Tuesday, December 25, 2012

Merry christmas 2012

Our annual return to our Christmas town hall this year was not as we expected. Parking the car we started to walk to where we remember the town hall to be.. of course it was dark and cold and we came in from another direction this year. We walked down the road and saw nothing.. panic ensued. We thought it may be gone.. after all these year this was the year it was demolished. We walked back to the car a bit sad but also still puzzled about how it could be gone so easily. Upon getting back in the car we realized we were turned around and after driving around we found the town hall, still standing! We got out and walked inside - not much had changed except there were less Christmas decorations and the foundation wall was more caved than the year before.

Here is our annual picture with the tree!

Friday, November 30, 2012

Fort San Sanatorium

Seems I am constantly getting e-mails about people asking about Fort San. People seem so think I don't know about it or have not heard about it. Well I have been to many many locations and most of my favorites are not posted online - this is because I want to protect them from vandalism.

However this building has been destroyed including nurses houses, power plant, tunnels & a large part of the main building. Now that most of it is gone and the history along with it I have decided to share it with everyone. Pictures are from 2008 - 2011 when we documented the site on various trips.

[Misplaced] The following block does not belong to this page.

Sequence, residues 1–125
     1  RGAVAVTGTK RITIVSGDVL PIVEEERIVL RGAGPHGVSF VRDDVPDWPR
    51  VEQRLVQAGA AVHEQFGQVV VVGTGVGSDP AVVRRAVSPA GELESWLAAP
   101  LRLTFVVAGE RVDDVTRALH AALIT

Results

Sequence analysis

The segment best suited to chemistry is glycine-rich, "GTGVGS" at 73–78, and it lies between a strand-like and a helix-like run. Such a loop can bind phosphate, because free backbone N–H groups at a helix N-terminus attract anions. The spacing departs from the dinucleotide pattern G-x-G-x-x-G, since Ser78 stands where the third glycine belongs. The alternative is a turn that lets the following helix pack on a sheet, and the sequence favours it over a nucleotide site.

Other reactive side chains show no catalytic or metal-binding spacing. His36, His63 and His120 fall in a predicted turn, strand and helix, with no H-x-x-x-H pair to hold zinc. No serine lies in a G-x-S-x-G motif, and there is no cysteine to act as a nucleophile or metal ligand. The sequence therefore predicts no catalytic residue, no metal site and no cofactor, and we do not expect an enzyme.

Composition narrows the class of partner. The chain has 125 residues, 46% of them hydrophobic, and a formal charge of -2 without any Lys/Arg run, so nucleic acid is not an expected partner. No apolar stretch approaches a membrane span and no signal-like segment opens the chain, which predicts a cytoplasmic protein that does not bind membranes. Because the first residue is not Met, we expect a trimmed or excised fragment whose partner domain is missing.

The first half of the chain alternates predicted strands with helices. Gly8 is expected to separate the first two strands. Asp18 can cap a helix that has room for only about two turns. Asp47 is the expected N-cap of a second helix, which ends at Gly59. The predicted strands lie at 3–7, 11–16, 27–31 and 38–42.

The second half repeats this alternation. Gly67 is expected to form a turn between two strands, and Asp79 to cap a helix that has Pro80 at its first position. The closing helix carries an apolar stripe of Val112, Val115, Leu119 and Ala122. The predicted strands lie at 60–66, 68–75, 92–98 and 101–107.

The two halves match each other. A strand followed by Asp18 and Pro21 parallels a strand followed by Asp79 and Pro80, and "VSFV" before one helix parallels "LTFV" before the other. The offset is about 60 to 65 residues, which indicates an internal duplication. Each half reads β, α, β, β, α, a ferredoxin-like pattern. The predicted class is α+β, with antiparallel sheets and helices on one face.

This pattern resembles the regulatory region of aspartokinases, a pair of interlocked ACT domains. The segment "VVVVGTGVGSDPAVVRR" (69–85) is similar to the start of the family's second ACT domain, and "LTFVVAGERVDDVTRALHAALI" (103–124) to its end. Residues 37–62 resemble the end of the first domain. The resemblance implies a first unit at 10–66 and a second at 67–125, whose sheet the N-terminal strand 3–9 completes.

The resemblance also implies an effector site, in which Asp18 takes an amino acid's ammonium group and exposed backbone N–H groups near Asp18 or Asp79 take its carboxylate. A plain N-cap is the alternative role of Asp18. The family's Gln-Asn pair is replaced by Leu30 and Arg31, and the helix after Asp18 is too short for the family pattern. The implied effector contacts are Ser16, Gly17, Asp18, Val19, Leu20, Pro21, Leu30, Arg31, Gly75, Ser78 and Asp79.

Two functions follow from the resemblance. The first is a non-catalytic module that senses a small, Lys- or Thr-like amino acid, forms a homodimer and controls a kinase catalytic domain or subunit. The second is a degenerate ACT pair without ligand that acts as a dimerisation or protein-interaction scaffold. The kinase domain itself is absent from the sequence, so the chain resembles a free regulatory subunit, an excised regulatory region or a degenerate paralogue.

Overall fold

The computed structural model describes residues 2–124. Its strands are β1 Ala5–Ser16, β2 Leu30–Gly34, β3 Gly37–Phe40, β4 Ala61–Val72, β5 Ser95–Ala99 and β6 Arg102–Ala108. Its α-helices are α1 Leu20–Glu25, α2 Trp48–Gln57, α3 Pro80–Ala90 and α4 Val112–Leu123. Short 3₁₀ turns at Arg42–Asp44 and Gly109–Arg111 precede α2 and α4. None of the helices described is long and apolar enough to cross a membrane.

Some history.....

Officially opened in 1917, The Fort Qu’Appelle Sanatorium, consisted of 230 sprawling acres of land. Fort San, as it was known, was designed to be almost completely self sufficient, with its own powerhouse, stables, piggery, poultry ranch, and a five acre garden. Through the persistence and diligence of the Anti-Tuberculosis League and Dr. G. Ferguson, patients from all across Saskatchewan were brought to Fort San via train and horse drawn buggy, entering into a community dedicated to the eradication of TB.

At its peak, Fort San could accommodate 358 patients and a vibrant community emerged through activities such as the drama club, the jazz band, and the internal radio program while the facility provided an environment of rest, good food, fresh air, and relaxation.

In 1918, World War I veterans created an extensive library at Fort San; books on the subject of tuberculosis were purchased so patients could educate themselves on the disease during the long hours of recuperation. This literary enlightenment led to the creation of The Sanatorium Journal composed of poems and musings that eventually turned into The Valley Echo, a publication that consisted of articles on tuberculosis and the sanatorium, as well as humorous essays and advertisements.

Throughout five decades, thousands of patients spent long months—and sometimes years—at Fort San. For some, it was a respite from poverty and labour; for others, it was a place of suffering and loss.